Christian theologians like to use sophisticated words like “transcendence” and “immanence” when talking about the fact that God is other than the world yet continually active in it, but the ancient Jewish writers of Scripture, in talking about the same things, painted word pictures.
Word pictures are much cooler than sophisticated words. Much cooler.
The first word picture we encounter is in Genesis 1:2—“Now the earth was formless and empty, and darkness covered the face of the deep, and the wind/Spirit of God brooded over the face of the waters.” (My translation)
First translation note, totally off the subject: “formless and empty” get the job done, but the Hebrew is toehoo wah boehoo. Just say that a couple of times—it’s fun, isn’t it? There is no way to translate these words that are as much fun as toehoo wah boehoo, so can we all just agree to stick with the Hebrew words and skip the boring English ones? Thank you.
Second translation note, totally on point: the Hebrew word ruach (hard ch as in ck, but deeper in your throat, like you’re clearing some…never mind) can be translated as wind, spirit, or even breath. Most English translations use Spirit of God, although the NRSV uses “wind of God.” I think both senses are intended here. If we go with wind for a second, we have the image of a wild, fierce wind blowing over the face of a wild, fierce ocean of water. Water is both necessary to life and a danger to it. You can drink it and live, or you can drown in it and die. The first humans lived near streams, lakes, and rivers, yet suffered through dangerous and damaging floods. Efforts to tame water to use it are fraught with danger, because dams burst and levees are breached. Water gives life; water kills. The two abide together, and we must accept both.
Same with wind. We need air to live, and we need the air to move in order to live, but the movement of that air can bring refreshment or destruction. A cool breeze is welcomed break from the heat; a tornado can drop suddenly from the sky and destroy whole towns. Wind brings life; wind kills. The two abide together, and we must accept both.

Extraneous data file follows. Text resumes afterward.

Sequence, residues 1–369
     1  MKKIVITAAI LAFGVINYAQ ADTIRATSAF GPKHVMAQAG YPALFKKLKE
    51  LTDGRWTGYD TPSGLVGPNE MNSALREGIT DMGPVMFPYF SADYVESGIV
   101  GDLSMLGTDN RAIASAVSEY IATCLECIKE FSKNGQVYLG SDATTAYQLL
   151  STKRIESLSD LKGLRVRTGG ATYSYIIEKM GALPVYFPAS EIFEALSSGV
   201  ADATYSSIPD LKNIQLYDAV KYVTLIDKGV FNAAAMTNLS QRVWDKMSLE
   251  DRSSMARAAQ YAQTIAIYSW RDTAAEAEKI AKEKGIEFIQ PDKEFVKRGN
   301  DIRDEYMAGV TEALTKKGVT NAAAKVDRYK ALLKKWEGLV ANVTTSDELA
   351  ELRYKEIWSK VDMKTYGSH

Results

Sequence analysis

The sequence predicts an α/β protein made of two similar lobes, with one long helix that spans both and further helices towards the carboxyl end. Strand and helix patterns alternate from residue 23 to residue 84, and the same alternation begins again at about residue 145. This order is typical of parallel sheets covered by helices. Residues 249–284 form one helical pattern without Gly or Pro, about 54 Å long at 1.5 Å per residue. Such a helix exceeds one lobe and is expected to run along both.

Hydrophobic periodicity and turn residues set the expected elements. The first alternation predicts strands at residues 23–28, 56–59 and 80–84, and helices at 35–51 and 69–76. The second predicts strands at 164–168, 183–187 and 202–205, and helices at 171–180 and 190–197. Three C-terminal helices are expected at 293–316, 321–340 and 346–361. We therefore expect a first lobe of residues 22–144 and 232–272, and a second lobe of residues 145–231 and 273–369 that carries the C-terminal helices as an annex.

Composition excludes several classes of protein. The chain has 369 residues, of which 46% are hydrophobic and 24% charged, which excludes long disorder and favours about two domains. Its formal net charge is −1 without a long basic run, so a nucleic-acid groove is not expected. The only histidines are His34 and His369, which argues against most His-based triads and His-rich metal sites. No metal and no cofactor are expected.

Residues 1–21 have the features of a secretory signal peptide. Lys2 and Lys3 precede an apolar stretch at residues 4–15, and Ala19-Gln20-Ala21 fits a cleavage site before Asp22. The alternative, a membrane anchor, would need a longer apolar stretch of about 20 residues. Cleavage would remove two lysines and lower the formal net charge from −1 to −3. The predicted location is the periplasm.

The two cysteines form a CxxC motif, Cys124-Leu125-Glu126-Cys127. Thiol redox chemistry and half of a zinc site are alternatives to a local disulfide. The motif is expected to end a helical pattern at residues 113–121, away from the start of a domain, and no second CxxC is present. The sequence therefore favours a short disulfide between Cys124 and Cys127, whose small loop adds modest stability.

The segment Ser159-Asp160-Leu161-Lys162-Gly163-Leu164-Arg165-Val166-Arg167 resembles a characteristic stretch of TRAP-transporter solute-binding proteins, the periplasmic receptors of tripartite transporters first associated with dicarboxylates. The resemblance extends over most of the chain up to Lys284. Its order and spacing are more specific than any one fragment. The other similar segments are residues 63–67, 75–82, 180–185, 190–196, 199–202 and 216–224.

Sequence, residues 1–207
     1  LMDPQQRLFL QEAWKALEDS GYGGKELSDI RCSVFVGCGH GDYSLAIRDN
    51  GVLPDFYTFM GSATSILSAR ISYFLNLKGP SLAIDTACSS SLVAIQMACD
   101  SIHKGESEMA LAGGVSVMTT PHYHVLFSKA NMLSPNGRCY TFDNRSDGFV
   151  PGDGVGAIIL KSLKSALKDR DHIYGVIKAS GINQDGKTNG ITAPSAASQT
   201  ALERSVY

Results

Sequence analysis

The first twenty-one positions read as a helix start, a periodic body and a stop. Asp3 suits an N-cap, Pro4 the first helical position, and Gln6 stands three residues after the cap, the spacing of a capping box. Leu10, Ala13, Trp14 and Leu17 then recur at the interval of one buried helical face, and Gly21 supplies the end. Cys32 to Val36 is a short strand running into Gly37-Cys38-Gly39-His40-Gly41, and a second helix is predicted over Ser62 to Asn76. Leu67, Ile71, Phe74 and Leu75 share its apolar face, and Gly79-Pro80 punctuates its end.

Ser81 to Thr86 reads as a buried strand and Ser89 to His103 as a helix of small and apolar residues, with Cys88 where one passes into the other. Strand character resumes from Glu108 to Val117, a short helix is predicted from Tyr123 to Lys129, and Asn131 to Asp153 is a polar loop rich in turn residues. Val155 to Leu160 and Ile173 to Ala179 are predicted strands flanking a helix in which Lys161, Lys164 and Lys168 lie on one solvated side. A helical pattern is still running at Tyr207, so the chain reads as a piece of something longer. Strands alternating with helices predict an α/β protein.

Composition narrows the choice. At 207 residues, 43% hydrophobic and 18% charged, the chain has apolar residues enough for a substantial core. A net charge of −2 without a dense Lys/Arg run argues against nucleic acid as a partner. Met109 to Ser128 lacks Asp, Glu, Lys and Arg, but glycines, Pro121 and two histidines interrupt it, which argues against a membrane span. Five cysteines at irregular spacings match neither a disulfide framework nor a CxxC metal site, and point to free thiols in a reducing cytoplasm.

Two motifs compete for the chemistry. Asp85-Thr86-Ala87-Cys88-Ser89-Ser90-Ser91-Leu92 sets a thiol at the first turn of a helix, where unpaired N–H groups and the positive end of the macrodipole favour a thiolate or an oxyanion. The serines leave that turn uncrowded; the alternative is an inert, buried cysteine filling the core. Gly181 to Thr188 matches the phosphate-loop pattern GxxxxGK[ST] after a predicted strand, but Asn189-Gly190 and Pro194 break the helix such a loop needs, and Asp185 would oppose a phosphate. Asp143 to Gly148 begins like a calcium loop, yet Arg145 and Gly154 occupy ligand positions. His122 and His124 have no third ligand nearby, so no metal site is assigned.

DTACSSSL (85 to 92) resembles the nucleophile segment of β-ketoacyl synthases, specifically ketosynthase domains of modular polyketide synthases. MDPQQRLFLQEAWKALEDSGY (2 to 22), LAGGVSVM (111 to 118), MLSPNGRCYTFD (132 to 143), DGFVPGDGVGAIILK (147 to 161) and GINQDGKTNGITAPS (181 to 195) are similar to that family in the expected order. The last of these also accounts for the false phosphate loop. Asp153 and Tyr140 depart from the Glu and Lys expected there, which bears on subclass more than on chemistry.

So this wind/spirit/life/death force blows over the face of the waters, the other life/death force. Before life can appear, they must be contained and controlled, and that is what happens with the water as the firmament is created to separate the waters above from those below and as the waters on the earth are gathered together so that dry land can appear. But the life/death tension still exists; chaos lurks in the deep, ready to reassert itself.
But what of the wind, how is it controlled? We area told that the ruach of God blows over the face of the waters. Third translation note: most translations say that it was moving, but the sense of the Hebrew is that it was hovering, which is stationary movement—again, one of those paradoxical tensions. This word is rarely used in the Bible, but one of those places is Deuteronomy 32:11—“As an eagle stirs up its nest, and hovers over its young; as it spreads its wings, takes them up, and bears them aloft on its pinions….” This is why I used the word “brood” in my translation, not in the sense of pondering something but rather of a mother bird taking care of its young, setting on the eggs to keep them warm and protected until they hatch, then watching over them while they are young and vulnerable.
This is where the other sense of ruach comes into play, for it is the Spirit of God that broods over creation, pushing and containing the life/death forces so that life can emerge and keeping chaos at bay so that life can flourish.
This is how we experience life, is it not? Our lives are full of the tension between life and death, order and chaos. The moment we are born we begin our march toward death, and it is in death that life is renewed—the food for every living thing is something that once was alive, whether it be animal, fruit or vegetable. The two things, life and death, which seems at odds with each other, are actually wrapped up in each other. Death is not an intrusion into life but rather an integral part of it. There is no life without death, nor death without life. Similarly, we spend our lives trying to create order out of chaos. Sometimes our lives seem very ordered—everything is running smoothly, there is peace, there is contentment, there is satisfaction; and sometimes it seems that the dam has broken and our lives are complete chaos. These two extremes are actually kind of rare; most of the time we are somewhere in between. But through it all, there is the Spirit of God hovering in stationary movement, brooding, caring, protecting. He brings order to our lives, and on those occasions when the chaos breaks through, he is the wind who blows in and contains the waters.